On October 15, the Drupal Security Team announced they had found a vulnerability that allowed attackers to build a backdoor to Drupal 7 websites and to steal data from them.
A patch was quickly released (Drupal v. 7.32) by the Drupal security team to remove this vulnerability.
However, attackers quickly went to work by trying to access millions of Drupal websites and their data. Today, the Drupal Security Team announced that anyone who had not applied the patch within hours of the announcement (by 11PM UTC on October 15, 4PM Pacific Time or 7PM Eastern Time on October 15) has probably been compromised.
How do I know if I’ve been hacked?
According to the Drupal Security Team, it can be difficult to know if your site has been compromised. Interestingly,
If you find that your site is already patched but you didn’t do it, that can be a symptom that the site was compromised – some attacks have applied the patch as a way to guarantee they are the only attacker in control of the site.
Otherwise, it can be very difficult to figure out if your site has been compromised. Backdoors often hide deep within your website’s code or database and it can take a very long time to comb through everything.
So, no matter whether you can prove that you’ve been hacked or not, unless you applied the patch within hours of the October 15 annoucement, you should assume that you have been compromised, and act accordingly.
Okay, so what do I do now?
There are a few ways to deal with a compromised website. You can either keep it and painstakingly discover and eliminate the backdoors. You can revert to a pre-October 15 version of your website (with the patch applied, of course). As a last resort, you can scrap your current website and start from sractch.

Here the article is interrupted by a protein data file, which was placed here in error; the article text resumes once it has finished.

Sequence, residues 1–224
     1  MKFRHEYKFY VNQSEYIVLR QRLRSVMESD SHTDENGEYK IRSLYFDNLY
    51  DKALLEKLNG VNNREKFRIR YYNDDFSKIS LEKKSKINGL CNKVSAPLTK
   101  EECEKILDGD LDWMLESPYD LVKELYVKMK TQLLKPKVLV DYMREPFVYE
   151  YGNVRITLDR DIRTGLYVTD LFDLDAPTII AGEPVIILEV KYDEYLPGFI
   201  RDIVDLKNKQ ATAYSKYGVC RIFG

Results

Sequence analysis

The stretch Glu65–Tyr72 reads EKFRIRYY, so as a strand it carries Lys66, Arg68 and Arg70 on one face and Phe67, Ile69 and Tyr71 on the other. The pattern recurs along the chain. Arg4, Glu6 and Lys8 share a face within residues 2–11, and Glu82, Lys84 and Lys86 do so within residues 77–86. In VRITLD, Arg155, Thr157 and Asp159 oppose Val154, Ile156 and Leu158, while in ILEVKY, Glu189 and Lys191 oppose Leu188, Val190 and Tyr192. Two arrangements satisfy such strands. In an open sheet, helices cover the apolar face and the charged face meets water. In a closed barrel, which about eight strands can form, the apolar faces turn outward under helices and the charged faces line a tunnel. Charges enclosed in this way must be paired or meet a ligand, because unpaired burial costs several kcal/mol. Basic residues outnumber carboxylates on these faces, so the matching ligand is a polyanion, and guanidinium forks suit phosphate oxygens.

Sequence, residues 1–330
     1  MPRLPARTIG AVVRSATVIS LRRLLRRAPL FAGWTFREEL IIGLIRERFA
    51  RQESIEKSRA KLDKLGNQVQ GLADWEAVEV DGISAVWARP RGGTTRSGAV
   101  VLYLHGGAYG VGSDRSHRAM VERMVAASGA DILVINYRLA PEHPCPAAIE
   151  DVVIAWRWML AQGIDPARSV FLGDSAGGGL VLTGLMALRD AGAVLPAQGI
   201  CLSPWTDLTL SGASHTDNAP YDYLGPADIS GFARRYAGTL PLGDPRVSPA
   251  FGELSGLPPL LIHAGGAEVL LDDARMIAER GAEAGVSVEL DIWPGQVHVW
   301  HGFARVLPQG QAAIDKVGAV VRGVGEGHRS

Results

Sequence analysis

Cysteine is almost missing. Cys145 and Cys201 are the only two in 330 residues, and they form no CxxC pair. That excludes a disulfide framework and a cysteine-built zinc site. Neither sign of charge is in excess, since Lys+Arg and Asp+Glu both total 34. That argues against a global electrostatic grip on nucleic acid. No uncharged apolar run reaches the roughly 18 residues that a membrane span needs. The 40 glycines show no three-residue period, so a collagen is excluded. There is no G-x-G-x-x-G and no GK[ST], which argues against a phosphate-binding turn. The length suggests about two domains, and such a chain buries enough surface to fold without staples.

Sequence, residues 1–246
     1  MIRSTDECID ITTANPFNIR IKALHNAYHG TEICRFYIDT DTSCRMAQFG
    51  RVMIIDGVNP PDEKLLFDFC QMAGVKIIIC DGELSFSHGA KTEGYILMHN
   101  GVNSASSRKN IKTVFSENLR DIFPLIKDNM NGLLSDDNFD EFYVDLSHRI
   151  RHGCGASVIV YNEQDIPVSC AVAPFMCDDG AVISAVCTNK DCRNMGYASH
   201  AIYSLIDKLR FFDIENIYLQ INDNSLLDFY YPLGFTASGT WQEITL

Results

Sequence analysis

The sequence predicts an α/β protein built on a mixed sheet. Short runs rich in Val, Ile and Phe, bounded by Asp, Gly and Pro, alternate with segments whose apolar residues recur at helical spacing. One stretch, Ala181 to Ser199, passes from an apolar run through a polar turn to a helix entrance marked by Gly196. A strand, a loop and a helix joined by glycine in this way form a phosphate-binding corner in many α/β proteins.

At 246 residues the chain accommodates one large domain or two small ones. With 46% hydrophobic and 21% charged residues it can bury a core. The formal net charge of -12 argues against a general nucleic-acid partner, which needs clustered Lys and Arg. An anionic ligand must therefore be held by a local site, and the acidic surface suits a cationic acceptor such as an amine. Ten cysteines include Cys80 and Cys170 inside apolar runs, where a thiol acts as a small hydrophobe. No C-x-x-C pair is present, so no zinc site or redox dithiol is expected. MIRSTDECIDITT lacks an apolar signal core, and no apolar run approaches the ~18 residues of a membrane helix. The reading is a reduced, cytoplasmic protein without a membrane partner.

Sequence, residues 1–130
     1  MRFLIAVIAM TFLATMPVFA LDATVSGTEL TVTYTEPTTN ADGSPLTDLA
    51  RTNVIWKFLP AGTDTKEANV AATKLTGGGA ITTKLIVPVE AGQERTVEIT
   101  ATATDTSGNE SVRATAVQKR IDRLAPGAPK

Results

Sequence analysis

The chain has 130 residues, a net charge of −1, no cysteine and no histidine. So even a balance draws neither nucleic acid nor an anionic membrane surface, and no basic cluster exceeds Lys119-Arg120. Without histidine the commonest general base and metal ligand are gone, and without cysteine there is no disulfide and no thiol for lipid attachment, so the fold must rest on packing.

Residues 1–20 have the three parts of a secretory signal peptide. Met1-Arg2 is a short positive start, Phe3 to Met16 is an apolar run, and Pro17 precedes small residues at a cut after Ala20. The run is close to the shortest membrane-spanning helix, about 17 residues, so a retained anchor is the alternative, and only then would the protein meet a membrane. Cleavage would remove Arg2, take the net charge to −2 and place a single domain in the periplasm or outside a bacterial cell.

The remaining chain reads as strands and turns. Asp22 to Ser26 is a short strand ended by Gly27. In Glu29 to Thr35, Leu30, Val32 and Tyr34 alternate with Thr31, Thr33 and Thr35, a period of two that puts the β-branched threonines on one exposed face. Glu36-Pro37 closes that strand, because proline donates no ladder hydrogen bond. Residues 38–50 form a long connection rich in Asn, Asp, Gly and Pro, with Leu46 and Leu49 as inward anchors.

Whatever you do, however, make sure that you first save a copy of your current website (called a “forensic copy”) for future reference.
Keeping your website
This is the least advisable option given the risks and the time involved in securing your data. You might need the help of a forensic security analyst depending on the size of your website, which may involve high costs.
This is also not a recommended action by the Drupal Security Team.
Reverting to an older copy
If you keep backup versions of your website (and you absolutely should), choose a pre-October 15 version of your website to restore.
Here’s the procedure from the Drupal announcement:
- Take the website offline by replacing it with a static HTML page
- Notify the server’s administrator emphasizing that other sites or applications hosted on the same server might have been compromised via a backdoor installed by the initial attack
- Consider obtaining a new server, or otherwise remove all the website’s files and database from the server. (Keep a copy safe for later analysis.)
- Restore the website (Drupal files, uploaded files and database) from backups from before 15 October 2014
- Update or patch the restored Drupal core code
- Put the restored and patched/updated website back online
- Manually redo any desired changes made to the website since the date of the restored backup
- Audit anything merged from the compromised website, such as custom code, configuration, files or other artifacts, to confirm they are correct and have not been tampered with.
For more details on this procedure, visit the Drupal website.
Scrapping your website
The last and most radical option is to scrap your website altogether and build a new one. If you were going to update soon anyway, it might be a good idea to not spend too much time and effort remediating the problem and to simply have the new website launched.
However, if your website isn’t quite ready, you might need to revert to an older copy first.
For more information on what to do when your website is hacked, visit this FAQ page on the Drupal website.
No matter what you choose to do, you MUST update your Drupal version to 7.32 NOW.
You can contact us by phone (1-800-215-6702) or by email ([email protected]) if you have any questions or concerns about this security threat.